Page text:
GM to Sell Camaro Z/28 Components to Non-Owners - But Only Some of Them
The new Chevrolet Camaro Z/28 features components inside, outside and under the sheet metal to make it the most track capable Camaro of all time. The cabin has only the features that are required by law (no AC, only a one-speaker sound system) as to keep the weight down, the exterior features a collection of unique items from the “flowtie” badge in the grille to the aggressive aerodynamics package and the mechanical features of the new Z/28 are optimized in every way – from the 500+ horsepower LS7 V8 to the race spec suspension system to the incredible Brembo carbon ceramic braking package that was previously restricted to some of the most expensive cars in the world. The new Camaro Z/28 is incredible and it comes with an incredible price of $75,000 that will make it unreachable to many hopeful Camaro fans.
Because of that high price and limited availability, there is a good chance that some current 5th generation Camaro owners will attempt to turn their car into the closest rendition of the Z/28 as possible – but GM doesn’t want that to happen. To prevent that, GM will only allow people who own a new Z/28 or shops that are working on a new Z/28 to purchase the factory items…or so we were lead to believe last month. In actuality, General Motors has no problem with private owners modifying their current Camaro to perform like the Camaro Z/28 – they just wont make it easy to make your Camaro SS look like a new Z/28.
Features that do not add any performance, such as the badges, will not be available through the GM Performance Parts catalog. However, as was the case with the components that make the Camaro 1LE and Camaro ZL1 so impressive on the race track will be available to everyone. Items like the track tuned suspension, the rear differential cooling system, the brake cooling package and the Recaro race buckets will be sold for those folks who want their Camaro SS to handle like the Camaro Z/28. Also, GM will sell cold air intake packages, high flow exhaust manifolds and the Z/28 exhaust system to get some more power out of the Camaro SS. Finally, I would guess that GMPP will sell the LS7 crate motor with the applicable installation package so those who want their 2010 and newer Camaro to perform like the Camaro Z/28 will be able to buy all of the components to do so. However, those cars still won’t look like the expensive and exclusive Z/28.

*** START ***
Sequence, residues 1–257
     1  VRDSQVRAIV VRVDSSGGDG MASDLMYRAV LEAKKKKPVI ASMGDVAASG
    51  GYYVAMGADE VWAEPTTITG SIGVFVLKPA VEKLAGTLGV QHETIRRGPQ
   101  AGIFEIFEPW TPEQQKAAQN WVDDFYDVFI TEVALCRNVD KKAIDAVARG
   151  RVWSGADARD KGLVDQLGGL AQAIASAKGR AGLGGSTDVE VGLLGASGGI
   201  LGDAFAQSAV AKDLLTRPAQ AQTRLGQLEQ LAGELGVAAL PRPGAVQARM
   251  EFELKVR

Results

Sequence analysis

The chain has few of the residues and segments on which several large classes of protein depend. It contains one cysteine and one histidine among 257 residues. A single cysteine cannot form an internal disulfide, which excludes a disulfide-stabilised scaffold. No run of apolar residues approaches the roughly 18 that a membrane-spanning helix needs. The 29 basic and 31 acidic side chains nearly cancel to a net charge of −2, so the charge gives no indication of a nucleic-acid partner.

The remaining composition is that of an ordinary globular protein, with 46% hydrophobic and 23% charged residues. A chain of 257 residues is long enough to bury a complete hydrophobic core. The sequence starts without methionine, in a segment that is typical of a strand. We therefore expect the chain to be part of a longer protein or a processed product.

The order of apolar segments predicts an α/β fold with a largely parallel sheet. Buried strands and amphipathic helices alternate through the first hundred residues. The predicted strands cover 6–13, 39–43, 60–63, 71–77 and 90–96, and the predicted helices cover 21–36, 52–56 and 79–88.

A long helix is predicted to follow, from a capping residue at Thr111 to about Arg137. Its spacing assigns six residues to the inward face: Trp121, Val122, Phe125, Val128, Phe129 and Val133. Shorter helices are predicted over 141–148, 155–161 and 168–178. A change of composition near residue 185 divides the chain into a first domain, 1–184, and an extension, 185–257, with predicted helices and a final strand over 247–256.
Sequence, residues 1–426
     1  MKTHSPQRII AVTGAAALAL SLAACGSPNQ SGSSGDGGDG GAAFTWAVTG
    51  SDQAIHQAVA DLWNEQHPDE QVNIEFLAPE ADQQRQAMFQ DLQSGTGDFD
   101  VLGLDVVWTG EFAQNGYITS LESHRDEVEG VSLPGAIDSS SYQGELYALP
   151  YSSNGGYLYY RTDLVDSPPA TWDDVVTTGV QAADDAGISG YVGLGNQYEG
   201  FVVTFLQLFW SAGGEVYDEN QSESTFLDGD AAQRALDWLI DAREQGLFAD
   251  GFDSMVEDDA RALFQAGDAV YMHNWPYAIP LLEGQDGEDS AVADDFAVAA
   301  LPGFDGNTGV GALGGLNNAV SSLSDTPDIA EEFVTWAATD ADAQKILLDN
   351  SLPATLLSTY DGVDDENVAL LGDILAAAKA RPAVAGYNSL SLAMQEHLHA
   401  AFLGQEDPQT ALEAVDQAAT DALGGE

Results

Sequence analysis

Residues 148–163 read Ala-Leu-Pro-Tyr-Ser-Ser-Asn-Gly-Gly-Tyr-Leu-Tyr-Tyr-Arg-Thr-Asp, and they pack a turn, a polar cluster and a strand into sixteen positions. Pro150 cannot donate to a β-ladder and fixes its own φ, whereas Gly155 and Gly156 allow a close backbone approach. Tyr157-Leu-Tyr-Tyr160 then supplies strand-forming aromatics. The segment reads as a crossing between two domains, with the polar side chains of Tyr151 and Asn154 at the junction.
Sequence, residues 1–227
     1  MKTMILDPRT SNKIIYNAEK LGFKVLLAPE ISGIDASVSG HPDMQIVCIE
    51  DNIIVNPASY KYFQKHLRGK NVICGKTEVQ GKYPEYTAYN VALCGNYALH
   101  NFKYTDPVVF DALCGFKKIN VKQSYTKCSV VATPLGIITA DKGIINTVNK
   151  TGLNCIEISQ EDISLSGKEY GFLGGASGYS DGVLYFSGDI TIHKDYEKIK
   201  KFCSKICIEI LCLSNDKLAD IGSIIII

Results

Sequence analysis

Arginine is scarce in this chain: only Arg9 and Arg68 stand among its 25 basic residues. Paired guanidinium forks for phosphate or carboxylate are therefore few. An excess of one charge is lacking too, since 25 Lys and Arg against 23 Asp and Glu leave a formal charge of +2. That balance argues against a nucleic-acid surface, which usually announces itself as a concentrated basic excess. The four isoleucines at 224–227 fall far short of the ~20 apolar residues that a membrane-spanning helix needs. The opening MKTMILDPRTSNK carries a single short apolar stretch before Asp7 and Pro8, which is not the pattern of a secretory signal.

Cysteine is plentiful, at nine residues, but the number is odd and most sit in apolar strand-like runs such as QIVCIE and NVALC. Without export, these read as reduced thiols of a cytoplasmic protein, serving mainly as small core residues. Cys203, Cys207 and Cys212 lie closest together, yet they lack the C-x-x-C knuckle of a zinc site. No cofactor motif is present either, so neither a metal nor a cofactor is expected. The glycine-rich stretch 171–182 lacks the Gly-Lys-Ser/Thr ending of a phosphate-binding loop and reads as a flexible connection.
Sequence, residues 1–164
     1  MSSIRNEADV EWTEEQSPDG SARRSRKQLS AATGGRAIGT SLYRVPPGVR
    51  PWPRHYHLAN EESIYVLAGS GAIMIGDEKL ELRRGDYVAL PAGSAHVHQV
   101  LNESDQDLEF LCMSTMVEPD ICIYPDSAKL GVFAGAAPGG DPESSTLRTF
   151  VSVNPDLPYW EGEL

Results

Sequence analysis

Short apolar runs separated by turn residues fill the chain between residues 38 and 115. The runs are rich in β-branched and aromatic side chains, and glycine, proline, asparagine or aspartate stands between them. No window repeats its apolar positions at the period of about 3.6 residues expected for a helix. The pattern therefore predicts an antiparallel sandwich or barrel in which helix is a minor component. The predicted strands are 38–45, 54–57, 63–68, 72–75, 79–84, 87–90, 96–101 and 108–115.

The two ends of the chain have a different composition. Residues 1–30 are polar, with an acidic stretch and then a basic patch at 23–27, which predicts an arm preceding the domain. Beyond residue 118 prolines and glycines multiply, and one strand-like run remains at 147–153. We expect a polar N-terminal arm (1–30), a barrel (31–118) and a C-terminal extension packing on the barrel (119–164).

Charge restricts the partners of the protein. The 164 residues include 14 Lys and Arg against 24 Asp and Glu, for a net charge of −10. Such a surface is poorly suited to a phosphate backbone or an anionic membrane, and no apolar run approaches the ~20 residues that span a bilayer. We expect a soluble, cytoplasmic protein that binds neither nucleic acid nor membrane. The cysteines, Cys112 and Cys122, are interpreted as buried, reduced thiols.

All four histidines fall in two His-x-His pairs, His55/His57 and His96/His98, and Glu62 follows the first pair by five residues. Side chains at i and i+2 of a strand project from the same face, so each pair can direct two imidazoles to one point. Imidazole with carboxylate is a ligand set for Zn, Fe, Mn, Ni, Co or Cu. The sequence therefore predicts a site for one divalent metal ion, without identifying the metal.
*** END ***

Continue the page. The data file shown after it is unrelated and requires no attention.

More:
What is unclear right now is whether or not General Motors will sell the unique body panels of the Chevrolet Camaro Z/28 to those who don’t own a Z/28. The Z/28 has a unique front fascia that works with the brake cooling system and I would think that if the company is going to sell the brake cooling packages, they will also need to sell the fascia that carries the openings for said cooling channels. The Z/28 also features an aggressive chin spoiler, deeper reaching side sills and a prominent rear wing that all play a big part in the handling of the new Z/28 so if someone wants their Camaro SS to handle like a Z/28 – they will likely need to get those body bits as well.
There has been no official information from General Motors as to which components will be available and I would expect that at first, all of these components will be restricted to Z/28 owners. However, with GMPP offering performance packages that include items from the 1LE and ZL1, I would expect to see plenty of the go-fast goodies from the Camaro Z/28 in the performance parts catalog very soon.